Edith Sitwell, 1887-1964
Lately alerted to Ronald Johnson’s “Six, Alas!”—a circa 1990 Chicago Review-published “toast to six women writers, hardly unknown but alike disregarded at present by fashion”—with its deftly considered applaudissements. For Edith Sitwell (“in England I was prepared for many an incomprehension, but the blank wall set up against Edith I always wanted to leap over and set up a ruckus of quotation”), Edna St. Vincent Millay (“No other poet I recall has been so acclaimed then so eclipsed. Within a decade Eliot had made her old hat”), Louise Bogan (Johnson quotes Bogan’s clipped and pertinent verdict regarding “the practice of lyric poetry”: “The chances of getting away with pure fakery within it are very small. One cannot fib—it shows, one cannot manipulate—it spoils. One cannot apply decoration from the outside; or pretend that non-feeling is feeling; or indulge in any of the lower-grade emotions, such as self-pity”), Stevie Smith (“As to technique, she was as unselfconscious as Blake about jarring sense into song. For those who never heard her, the poems can seem ungainly on the page, though when she read aloud they could stick in the ear like Tin Pan Alley”), and Lorine Niedecker (“We admired each other’s poems, though we never met. Shy, she liked it that way, for most attention, other than letters, made her too self-conscious and awkward, she was so unused to it. She’s likened by her readers to Emily Dickinson, not only for this, but for her plain wry dignity with every word.”) The sixth “alas”—Johnson’s opening is a remarkable paean to the way we lose things, alas—some unjustly, others not so—and the need for looking, and selecting:
We all like to believe, as readers, the sands of time might part to show landmark authors, shining a new horizon. It is part of our myth that straw for the bricks of Modernism might be threshed from things like Pound’s exasperation with Sordello, his fascination with Provençal poets’ reiteration of sounds, from Eliot refurbishing Donne for the pantheon, and the unwrapping of fragments of pure Sappho, forgotten, from minor Egyptian mummies. Though every time has its winds—in truth there is not an Ozimandias under every dune.The sixth “alas” is Elizabeth Bowen, allowing Johnson both to quote the terrific opening to Death of the Heart (“That morning's ice, no more than a brittle film, had cracked and was now floating in segments. These tapped together or, parting, left channels of dark water, down which swans in slow indignation swam”—Johnson’s remark: “Indelible, that “down which swans in slow indignation swam”—a frieze with all the swans’ neck s’s held in rhythm’s sway”—critical sentence-ry mimicking what it addresses) and to defend the capacity of prose, too, to “make the stone stoney” (Shklovsky). Johnson:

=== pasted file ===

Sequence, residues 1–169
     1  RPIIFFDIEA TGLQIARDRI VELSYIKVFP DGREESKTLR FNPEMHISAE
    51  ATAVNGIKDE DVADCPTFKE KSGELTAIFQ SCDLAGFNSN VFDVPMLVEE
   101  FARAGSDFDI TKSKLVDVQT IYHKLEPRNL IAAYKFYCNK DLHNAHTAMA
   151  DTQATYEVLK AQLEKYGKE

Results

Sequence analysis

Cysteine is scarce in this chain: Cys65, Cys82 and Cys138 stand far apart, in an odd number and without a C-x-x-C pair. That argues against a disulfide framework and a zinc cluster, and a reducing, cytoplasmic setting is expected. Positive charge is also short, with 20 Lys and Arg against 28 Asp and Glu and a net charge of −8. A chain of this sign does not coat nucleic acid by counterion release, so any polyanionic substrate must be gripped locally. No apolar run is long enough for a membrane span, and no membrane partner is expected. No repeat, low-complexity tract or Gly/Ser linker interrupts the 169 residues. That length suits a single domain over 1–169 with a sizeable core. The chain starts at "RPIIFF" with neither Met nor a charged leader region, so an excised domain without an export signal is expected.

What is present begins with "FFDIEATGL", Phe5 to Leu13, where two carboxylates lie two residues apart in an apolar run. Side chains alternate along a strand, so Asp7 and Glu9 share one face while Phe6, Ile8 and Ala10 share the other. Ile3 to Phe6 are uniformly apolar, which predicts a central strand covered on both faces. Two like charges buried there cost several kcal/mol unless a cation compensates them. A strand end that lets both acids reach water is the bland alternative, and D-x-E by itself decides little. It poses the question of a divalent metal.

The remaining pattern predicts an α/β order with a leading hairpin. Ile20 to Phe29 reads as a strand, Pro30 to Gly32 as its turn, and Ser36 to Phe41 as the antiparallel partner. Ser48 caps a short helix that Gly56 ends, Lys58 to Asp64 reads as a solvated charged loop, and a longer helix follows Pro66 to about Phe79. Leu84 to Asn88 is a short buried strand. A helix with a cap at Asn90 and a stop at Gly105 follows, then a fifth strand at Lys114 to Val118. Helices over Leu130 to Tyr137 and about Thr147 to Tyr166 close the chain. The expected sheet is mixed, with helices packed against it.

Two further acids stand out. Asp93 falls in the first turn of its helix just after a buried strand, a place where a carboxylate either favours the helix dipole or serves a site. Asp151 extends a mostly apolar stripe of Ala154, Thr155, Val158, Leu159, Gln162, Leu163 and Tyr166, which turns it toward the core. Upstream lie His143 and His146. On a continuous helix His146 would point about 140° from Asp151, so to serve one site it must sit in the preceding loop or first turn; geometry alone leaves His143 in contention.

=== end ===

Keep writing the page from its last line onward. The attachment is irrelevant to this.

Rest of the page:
Our first read-through of Shakespeare makes any defined border between poetry and prose a quicksand. Later, we might make the distinction that whereas poetry is always visible, like stepping stones on a page, prose is more like water you swim through. First from Flaubert and Joyce, then Henry James, I began to see prose might be also word by word, and phrase after phrase, actually physically enjoyable as poetry, something to read and re-read for itself. And that this might include many before and in between Sir Thomas Browne and Elizabeth Bowen.One begins to comprehend how Johnson’s own work ranges so effortlessly along genres, visual poetry’s distinct markers to “watery” prose poems. And, noting the humble incisings of Johnson’s criticism, the deft grace of its modesty—oughtn’t “the age” have demanded more of it?
Johnson’s “Six, Alas!” sends me off to the derided (F. R. Leavis apparently opined: “the Sitwells belong to the history of publicity, rather than of poetry”—a remark probably more apt for some of “our” own current Twittering marketeers) Sitwell’s “Some Notes on My Own Poetry”—Johnson calls it “a text to shove alongside Charles Olson’s Projective Verse and Louis Zukofsky’s anthology A Test of Poetry.” A sample:
At the time I began to write, a change in the direction, imagery and rhythms in poetry had become necessary, owing to the rhythmical flaccidity, the verbal deadness, the dead and expected patterns, of some of the poetry immediately preceding us.(“A ruckus of quotation.”) Devilishly sly stuff.
Rhythm is one of the principal translators between dream and reality. Rhythm might be described as, to the world of sound, what light is to the world of sight. It shapes and gives new meaning. Rhythm was described by Schopenhauer as melody deprived of its pitch.
The great architect, Monsieur Le Corbusier, said that, as the result of the Machine Age, 'new organs awake in us, another diapason, a new vision.’ He said of persons listening to the sound of certain machinery that ‘the noise was so round that one believed a change in the acoustic functions was taking place.’ It was therefore necessary to find rhythmical expressions for the heightened speed of our time. . . .
There was a great deal of opposition to the revivification of rhythmic patterns. But even the greatest of all rhythmic patterns, those not made by the hand of Man, have been misapprehended. The otherwise great mind of Bishop Burnet, who died in 1715, was so seriously disturbed by the unsymmetrical arrangement of the stars that he rebuked the Creator for His lack of technique. ‘What a beautiful hemisphere they would have made,’ he exclaimed, ‘if they had been placed in rank and order; if they had all been disposed in regular figures . . . all finished and made up into one fair piece, or great composition, according to the rules of art and symmetry.’
We must not complain, therefore, if the patterns in the humble works of Man are not perceived immediately by the unobservant.
Therefore, to rebukes and protests, I returned the answer, ‘God comfort thy capacity,’ and went on my way.